from Wiktionary, Creative Commons Attribution/Share-Alike License

  • n. Plural form of familiar.


Sorry, no etymologies found.


  • ETA: Actually, since one of my familiars is the one that just lies there and does nothing, I'll probably have to raise the rest to twenty it'll be faster.

    Coretta Scott King, R.I.P.

  • In this interval, he had leisure to perceive the many improbabilities that either of the familiars should be the stranger who so mysteriously haunted him; and among these was the circumstance of his having resided so long at

    The Italian

  • They're often called familiars of witches, but that's nonsense.

    The Boat of a Million Years

  • There were long traditions of "familiars" among the families in whom the talent for magic ran deeply, even in this island nation.

    The Serpent's Shadow

  • Nash in his prose tract called independently _The Terrors of the Night_, which was also printed in 1594, described the nocturnal habits of 'familiars' more explicitly than Chapman.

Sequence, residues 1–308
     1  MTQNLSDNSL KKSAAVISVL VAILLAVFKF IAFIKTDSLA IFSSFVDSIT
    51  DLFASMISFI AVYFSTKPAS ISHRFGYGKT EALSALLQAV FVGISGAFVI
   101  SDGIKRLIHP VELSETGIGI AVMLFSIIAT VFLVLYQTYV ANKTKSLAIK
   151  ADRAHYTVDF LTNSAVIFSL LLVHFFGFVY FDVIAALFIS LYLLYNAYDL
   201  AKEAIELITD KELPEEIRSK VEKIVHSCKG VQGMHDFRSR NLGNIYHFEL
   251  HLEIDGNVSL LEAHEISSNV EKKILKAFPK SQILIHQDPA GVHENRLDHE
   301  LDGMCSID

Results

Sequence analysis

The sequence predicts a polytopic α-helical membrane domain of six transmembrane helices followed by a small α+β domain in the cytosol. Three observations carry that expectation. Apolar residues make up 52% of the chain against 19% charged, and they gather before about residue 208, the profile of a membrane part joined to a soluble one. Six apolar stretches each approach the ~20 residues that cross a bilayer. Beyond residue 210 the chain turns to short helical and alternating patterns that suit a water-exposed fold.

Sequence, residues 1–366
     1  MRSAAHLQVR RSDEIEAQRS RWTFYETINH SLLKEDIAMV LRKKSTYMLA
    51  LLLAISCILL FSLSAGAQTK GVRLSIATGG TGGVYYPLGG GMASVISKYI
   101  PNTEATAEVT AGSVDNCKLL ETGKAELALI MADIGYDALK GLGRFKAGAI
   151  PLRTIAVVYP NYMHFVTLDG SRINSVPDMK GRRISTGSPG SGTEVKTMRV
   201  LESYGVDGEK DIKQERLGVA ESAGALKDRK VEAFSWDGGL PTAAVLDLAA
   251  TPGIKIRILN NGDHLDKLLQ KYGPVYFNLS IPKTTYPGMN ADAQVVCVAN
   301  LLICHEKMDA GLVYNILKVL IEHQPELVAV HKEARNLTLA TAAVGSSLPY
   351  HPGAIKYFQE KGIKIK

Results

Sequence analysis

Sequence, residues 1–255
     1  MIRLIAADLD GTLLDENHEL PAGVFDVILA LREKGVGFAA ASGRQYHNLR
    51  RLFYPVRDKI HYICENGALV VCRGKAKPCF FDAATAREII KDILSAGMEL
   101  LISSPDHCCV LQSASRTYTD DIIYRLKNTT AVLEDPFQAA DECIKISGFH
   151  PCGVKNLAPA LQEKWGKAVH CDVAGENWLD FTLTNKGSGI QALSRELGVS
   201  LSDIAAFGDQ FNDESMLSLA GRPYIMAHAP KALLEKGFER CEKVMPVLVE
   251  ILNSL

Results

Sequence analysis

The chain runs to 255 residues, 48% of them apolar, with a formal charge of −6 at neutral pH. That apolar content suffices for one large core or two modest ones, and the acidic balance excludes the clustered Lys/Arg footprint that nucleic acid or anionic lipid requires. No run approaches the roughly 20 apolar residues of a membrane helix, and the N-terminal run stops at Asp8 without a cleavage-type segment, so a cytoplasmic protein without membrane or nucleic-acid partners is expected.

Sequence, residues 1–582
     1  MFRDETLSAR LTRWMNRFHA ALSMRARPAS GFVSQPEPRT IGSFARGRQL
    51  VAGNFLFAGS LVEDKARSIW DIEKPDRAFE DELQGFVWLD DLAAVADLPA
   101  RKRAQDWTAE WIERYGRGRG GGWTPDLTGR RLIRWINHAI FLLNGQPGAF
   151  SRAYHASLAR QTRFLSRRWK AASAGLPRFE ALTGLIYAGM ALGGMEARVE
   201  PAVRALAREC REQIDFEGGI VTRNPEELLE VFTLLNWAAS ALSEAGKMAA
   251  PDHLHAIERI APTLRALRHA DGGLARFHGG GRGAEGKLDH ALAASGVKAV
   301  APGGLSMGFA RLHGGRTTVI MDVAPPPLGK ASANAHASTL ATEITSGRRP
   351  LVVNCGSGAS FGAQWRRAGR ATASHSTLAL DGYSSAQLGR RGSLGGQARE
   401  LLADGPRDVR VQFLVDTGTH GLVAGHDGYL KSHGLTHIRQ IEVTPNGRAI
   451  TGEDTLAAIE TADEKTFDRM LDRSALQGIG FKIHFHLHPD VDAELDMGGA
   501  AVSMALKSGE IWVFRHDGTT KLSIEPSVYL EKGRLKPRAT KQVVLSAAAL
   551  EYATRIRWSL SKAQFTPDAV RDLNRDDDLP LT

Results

A Life of William Shakespeare with portraits and facsimiles

  • 'Terrors of the Night,' piracy of, 88 _n_ nocturnal habits of 'familiars' described in, 135 _n_

    A Life of William Shakespeare with portraits and facsimiles

  • A word may be added in explanation of the appearances of "familiars" in the shapes of animals, an instance of which will be found in this story.

    Eric Brighteyes

  • To suckle these "familiars" with the blood of a witch was forbidden in

    Myths and Legends of Our Own Land — Volume 04 : Tales of Puritan Land

  • I wonder if the old-time inquisitors and their "familiars" were ingenious enough to compel delicate women to stand and talk all day, and sometimes part of the night?

    Without a Home

  • He was convinced witches had what he termed 'familiars' who were sent to do hellish work.

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